Scott Rohmer said last week that if he is elected to the Board of Selectmen he would have no problem working with the new town manager, Anthony Schiavi, who last month ended Rohmer’s career as Ashland’s police chief.
“We’re professionals,” Rohmer said after a candidates forum. “There’s checks and balances. I’m a professional person, that’s just the way I am.”
Rohmer said he decided to run for selectman within 24 hours after Schiavi, saying the department had lost the public’s trust, placed the chief on paid administrative leave and announced the town would not be renewing his contract, which expires in June. Rohmer had been an Ashland police officer for 28 years, including seven as chief.
“I’m all about working together and getting things done,” said Rohmer, citing his decades of public service in the community.
The move by Schiavi came after months of acrimony in the Police Department, fueled by a slew of charges and countercharges. Stephen Doherty, a retired police chief, is serving as the department’s interim chief.
Rohmer and the town, as well as some other police officers, are being sued in Norfolk Superior Court, and are also the subject of two workplace gender discrimination complaints filed with the Massachusetts Commission Against Discrimination.
The lawsuit was filed by two police officers who say Rohmer retaliated against them after they complained about misconduct in the department.
Rohmer has denied almost all the charges, but did admit to misusing department resources when he asked a subordinate to perform a forensic search of his wife’s laptop and cellphone.
During the candidates forum Tuesday night, Rohmer was vague on details but said events leading to his dismissal were “orchestrated, that was very embarrassing to our community.”
He declined to provide further information at the forum because he said the matter was under litigation, but added, “I’m looking forward to the truth coming out.”
Meanwhile, many Ashland residents have come to Rohmer’s defense.
A Facebook page, “I Support Chief Rohmer,” had garnered 609 “likes’’ as of late last week.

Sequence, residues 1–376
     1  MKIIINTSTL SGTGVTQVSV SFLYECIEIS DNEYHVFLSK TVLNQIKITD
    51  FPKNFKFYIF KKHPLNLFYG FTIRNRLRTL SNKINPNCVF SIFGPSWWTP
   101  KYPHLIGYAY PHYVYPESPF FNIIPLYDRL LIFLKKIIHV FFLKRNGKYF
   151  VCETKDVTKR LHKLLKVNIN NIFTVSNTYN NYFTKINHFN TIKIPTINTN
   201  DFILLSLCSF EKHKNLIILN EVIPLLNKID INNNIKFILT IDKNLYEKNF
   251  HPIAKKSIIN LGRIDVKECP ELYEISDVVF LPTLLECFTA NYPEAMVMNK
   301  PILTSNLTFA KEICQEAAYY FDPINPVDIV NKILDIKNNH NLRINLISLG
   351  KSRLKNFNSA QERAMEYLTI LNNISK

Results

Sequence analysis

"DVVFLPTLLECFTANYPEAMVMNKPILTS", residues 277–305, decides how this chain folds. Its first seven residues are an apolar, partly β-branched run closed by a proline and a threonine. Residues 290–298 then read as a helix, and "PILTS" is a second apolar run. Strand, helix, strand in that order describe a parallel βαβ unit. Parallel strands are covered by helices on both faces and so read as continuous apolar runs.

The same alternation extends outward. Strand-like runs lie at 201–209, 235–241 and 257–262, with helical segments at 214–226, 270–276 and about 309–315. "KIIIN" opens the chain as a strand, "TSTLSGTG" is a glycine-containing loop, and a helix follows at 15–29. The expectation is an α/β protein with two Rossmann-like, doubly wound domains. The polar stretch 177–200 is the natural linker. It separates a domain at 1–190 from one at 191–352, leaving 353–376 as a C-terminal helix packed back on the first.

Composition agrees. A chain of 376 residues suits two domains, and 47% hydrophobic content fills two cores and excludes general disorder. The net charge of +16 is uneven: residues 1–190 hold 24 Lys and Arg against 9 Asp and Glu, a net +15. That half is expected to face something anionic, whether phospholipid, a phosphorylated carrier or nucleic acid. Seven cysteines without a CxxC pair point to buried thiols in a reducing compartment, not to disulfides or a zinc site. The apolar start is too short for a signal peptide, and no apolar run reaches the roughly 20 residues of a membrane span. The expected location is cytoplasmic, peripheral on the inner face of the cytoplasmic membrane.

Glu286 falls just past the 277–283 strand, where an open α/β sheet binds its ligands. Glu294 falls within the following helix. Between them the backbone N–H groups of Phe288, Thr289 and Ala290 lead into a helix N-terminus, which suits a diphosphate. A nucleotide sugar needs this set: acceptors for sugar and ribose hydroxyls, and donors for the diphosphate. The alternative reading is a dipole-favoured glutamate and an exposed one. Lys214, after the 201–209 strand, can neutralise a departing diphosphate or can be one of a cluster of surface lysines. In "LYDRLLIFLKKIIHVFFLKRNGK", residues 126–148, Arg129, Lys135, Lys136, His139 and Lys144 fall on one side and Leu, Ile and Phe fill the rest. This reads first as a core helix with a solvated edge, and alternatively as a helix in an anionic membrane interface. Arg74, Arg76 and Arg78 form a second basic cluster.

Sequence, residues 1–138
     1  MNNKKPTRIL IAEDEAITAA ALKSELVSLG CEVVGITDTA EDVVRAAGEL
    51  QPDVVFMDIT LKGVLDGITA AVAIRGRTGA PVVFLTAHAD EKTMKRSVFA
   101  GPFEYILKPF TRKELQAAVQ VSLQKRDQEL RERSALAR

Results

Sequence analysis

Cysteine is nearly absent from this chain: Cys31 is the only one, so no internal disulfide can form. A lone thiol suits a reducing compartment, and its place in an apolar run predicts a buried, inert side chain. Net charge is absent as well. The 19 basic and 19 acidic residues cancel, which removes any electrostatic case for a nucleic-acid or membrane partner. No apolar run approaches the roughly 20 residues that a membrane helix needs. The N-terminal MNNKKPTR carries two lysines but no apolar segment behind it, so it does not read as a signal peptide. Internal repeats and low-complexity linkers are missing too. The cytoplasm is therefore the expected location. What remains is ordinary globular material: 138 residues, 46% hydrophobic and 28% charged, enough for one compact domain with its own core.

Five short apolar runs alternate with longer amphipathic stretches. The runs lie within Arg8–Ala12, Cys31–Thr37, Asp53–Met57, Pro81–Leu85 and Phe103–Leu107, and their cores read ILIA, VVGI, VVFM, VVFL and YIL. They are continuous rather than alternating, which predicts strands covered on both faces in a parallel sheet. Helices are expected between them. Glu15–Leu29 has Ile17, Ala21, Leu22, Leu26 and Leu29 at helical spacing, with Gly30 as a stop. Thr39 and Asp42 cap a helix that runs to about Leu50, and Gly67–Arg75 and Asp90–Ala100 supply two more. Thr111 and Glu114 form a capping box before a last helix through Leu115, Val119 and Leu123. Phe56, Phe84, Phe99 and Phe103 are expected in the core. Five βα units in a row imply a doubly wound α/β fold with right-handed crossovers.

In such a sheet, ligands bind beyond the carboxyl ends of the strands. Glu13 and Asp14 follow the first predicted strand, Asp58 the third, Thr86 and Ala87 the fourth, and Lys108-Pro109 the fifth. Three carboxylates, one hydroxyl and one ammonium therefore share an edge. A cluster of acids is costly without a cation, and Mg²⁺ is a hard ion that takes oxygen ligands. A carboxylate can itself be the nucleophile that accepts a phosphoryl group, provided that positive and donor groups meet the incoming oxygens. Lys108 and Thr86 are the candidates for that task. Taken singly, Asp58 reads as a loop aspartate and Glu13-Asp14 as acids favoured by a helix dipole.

Last month, resident Margot Ellsworth formed the group Ashland Citizens Awareness Committee and began posting the results of an investigation conducted for the town last year by Edward C. Doocey, a Quincy lawyer.
Doocey was hired after the town manager at the time, John Petrin, received an 11-page complaint from several members of the police union and a lieutenant accusing Rohmer of numerous instances of wrongdoing in his professional and personal life.
Ashland Citizens Awareness Committee members Michael Campbell and Jon Fetherston, who are both former selectmen, praised Rohmer while expressing frustration that Doocey’s findings have been, they said, largely ignored by town officials.
“There’s a lot of shenanigans going on in Ashland,” Fetherston said.
Citing Doocey’s 62-page report, Fetherston added: “There were 144 charges brought against the former chief, 143 of them were found to be false. There’s been no accountability brought to the people who brought those false charges.”
Fetherston said he was “disgusted” that the current Board of Selectmen seemed to have disregarded the investigation.
“There were several people involved who fabricated stories who still have a job,” Campbell said. “They did it against one officer, a very well respected chief that we have. The fabrication of these stories, I think, led to his demise because it caused such an uproar in town.”
During last week’s forum, the two candidates vying with Rohmer for two seats on the Board of Selectmen in the May 21 election also trod lightly when the topic turned to the tumult within the Police Department.
In responding to a question from the event’s moderator, Mark Juitt, currently a member of the School Committee, said he would “prefer not to draw a conclusion,” but added that “we should support the information provided by the town manager.”
Incumbent Selectman Joe Magnani said he has been a member of the Police Department for decades, but was retiring this summer.
“Thirty-five years ago I put on that uniform with pride and distinction,” Magnani said, adding that he wouldn’t be able to feel that same sense of pride when he retired.
“I’m not happy,’’ he added. “I broke in Scott 28 years ago; I watched his entire career. I’m just heartbroken over this. I wish I could speak my piece.”
After the forum, Magnani said that while there was a division within the Police Department, “the guys and girls there are professionals and we’re going to do the job.”
As an active member of the Police Department, he said, he couldn’t comment on whether he agrees with the town manager’s decision against renewing Rohmer’s contract.
“Is there a healing process? Yes there is. It’s starting, and it’s going to take time,” he said.